I’ve read many reviews of The Night Circus in the years prior to me actually reading it, so I knew that it is a book that you’re either a fan of, or that leaves you disappointed. I am gladly in the former group. It’s a book that has to be experienced rather than explained. And my experience was worthy of the five stars I gave it.

I find the characters equally familiar and enigmatic – so layered and complex, even as the author has tried to shield us from knowing much about them at all. The timeline is a mystery as well, bouncing between the reader’s present to the late 1800s with the inception of the circus and back to only a slightly later time in that future where every mysterious action is coming to a head.

And, finally, at the end when I felt the pages getting lighter in my hand and the action ramped up to its finale, I felt like I did as a child when the action in the middle of the three-ring circus reached its climax and the ringmaster said his final parting words and Uncle Syl would take my hand and lead me away from the tent, and the noise, and the smells of popcorn and caramel apples. It only left me wanting more.

Read more about Morgenstern’s sophomore novel, The Starless Sea, coming in November, 2019!

Erin Morgenstern

Erin Morgenstern is a writer and a multimedia artist who describes all her work as “fairy tales in one way or another.” She lives in Massachusetts. –bio taken from book cover.

29 Seconds

⇒RELEASE DAY REVIEW! “What if a single 29 second phone call could change your life forever?” -29 Seconds ⇐

**Many thanks to NetGalley, St. Martin’s Press, and the author for the opportunity to read a free ARC of this book in exchange for my honest review.

Author: T.M. Logan

(4.04 stars – Goodreads rating)

Genre: Fiction / Suspense / Thriller

Format: Kindle

U.S. Publication Date: September 10, 2019, by St. Martin’s Press

Pages: 356 (Kindle version)


If she said no, the offer disappeared. Forever. And if she said yes, there was no going back. No changing her mind.

Bullies. You may have dealt with them in school or you may be dealing with them now at work. Maybe there’s one in your gym or – gasp! – in your book club! If you’ve managed to live your whole life up to this point and not be affected by some of the most heinous, manipulative, bossy, dangerous people on planet Earth, then I salute you (and I want to know what cave you’re living in because you must be quite the introvert!).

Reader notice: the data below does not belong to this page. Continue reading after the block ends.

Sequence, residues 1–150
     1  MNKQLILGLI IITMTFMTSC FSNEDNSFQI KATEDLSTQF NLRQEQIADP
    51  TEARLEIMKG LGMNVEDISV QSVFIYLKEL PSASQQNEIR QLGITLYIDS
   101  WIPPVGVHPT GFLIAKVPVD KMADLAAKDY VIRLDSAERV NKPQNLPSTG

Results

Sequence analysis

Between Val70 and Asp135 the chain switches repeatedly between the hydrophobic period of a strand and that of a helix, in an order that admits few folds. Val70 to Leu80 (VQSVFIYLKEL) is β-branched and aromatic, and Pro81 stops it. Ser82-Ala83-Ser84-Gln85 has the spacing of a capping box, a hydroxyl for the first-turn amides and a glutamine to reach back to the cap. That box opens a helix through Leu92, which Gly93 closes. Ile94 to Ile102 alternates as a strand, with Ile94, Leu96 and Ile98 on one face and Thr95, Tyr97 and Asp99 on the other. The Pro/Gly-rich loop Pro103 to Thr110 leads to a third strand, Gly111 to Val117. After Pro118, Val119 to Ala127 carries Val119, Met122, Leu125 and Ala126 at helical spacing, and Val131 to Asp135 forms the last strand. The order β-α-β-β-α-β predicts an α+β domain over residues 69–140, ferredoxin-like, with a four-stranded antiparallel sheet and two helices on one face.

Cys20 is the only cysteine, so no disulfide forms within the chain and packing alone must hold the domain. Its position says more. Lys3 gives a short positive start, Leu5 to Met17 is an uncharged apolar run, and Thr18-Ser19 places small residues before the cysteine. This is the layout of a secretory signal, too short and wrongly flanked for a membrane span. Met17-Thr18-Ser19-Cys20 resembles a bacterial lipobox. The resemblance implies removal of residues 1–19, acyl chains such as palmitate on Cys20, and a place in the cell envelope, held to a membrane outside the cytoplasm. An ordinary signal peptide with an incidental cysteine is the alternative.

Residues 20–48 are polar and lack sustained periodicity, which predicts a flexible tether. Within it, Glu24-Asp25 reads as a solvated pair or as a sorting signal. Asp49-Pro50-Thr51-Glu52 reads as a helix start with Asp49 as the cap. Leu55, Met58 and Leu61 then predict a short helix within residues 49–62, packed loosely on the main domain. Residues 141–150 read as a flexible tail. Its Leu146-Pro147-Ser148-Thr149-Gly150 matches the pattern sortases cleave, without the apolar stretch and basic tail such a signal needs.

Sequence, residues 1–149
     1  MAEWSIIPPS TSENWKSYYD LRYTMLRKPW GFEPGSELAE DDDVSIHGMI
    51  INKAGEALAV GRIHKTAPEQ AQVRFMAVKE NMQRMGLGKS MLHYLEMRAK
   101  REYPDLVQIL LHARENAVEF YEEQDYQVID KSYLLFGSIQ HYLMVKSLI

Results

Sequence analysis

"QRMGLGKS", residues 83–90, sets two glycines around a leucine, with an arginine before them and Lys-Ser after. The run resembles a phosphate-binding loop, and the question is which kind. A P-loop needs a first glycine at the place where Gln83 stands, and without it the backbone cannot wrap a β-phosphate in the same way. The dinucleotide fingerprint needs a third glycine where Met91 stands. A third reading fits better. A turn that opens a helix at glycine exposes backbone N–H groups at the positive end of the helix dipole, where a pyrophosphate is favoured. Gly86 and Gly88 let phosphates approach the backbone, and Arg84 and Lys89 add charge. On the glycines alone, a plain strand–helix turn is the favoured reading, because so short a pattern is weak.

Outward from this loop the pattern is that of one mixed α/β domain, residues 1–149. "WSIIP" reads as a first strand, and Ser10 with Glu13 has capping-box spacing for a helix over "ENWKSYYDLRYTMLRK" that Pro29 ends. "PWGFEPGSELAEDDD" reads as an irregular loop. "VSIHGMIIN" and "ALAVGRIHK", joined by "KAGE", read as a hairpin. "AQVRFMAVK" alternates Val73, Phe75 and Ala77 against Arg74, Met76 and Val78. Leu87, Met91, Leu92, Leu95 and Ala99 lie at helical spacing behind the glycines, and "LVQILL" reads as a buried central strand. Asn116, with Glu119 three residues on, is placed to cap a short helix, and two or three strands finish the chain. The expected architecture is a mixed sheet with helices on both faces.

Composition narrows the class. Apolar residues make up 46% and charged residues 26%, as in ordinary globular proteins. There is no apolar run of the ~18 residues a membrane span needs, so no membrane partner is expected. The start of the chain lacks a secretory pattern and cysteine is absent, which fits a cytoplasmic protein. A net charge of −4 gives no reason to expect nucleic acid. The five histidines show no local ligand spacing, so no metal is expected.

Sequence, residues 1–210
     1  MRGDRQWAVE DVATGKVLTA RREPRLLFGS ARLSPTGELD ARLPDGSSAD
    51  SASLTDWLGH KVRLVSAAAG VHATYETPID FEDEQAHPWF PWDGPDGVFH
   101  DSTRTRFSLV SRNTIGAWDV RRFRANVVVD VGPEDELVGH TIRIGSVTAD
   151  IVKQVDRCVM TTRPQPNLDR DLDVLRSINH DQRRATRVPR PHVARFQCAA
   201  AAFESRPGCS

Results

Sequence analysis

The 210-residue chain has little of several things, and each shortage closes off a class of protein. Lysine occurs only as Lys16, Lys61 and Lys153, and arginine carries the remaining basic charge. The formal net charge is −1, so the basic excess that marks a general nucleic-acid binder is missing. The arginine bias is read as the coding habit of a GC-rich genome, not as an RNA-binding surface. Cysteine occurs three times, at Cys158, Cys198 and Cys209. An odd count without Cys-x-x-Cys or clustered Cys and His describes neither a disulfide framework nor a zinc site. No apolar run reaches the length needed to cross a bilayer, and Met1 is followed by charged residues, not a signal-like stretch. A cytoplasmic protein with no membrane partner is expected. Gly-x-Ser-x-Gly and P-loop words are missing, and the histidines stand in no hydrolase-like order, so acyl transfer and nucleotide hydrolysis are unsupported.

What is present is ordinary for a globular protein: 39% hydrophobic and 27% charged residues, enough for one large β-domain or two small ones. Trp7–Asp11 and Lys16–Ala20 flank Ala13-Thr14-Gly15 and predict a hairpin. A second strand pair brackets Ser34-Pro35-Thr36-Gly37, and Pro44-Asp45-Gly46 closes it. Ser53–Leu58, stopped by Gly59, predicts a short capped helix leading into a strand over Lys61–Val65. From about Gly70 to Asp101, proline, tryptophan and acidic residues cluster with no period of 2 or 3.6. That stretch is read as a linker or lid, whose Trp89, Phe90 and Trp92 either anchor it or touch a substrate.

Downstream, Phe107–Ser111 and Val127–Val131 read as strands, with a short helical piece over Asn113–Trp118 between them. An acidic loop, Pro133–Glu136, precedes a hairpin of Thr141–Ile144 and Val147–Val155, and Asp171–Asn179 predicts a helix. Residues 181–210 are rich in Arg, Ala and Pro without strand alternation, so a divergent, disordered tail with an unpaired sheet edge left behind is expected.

In this book, Sarah is vexed by a bully. But oh, my friends, that is a very dumbed-down and simplified version of what is taking place in her life and the lives of others around her. And we don’t have to look too far away from our own phones and TVs to see glaring real-life examples (and one in particular) of the type of man our main character is being harassed by. But Sarah’s story is about so much more than harassment. Let’s check out the blurb:

Sarah is a young professor struggling to prove herself in a workplace controlled by the charming and manipulative Alan Hawthorne, a renowned scholar and television host. The beloved professor rakes in million-dollar grants for the university where Sarah works—so his inappropriate treatment of female colleagues behind closed doors has gone unchallenged for years. And Sarah is his newest target. When Hawthorne’s advances become threatening, she’s left with nowhere to turn. Until the night she witnesses an attempted kidnapping of a young child on her drive home, and impulsively jumps in to intervene. The child’s father turns out to be a successful businessman with dangerous connections—and her act of bravery has put this powerful man in her debt. He lives by his own brutal code, and all debts must be repaid. In the only way he knows how. The man gives Sarah a burner phone and an unbelievable offer. A once-in-a-lifetime deal that can make all her problems disappear. No consequences. No traces. No chance of being found out. All it takes is a 29-second phone call. Because everyone has a name to give. Don’t they?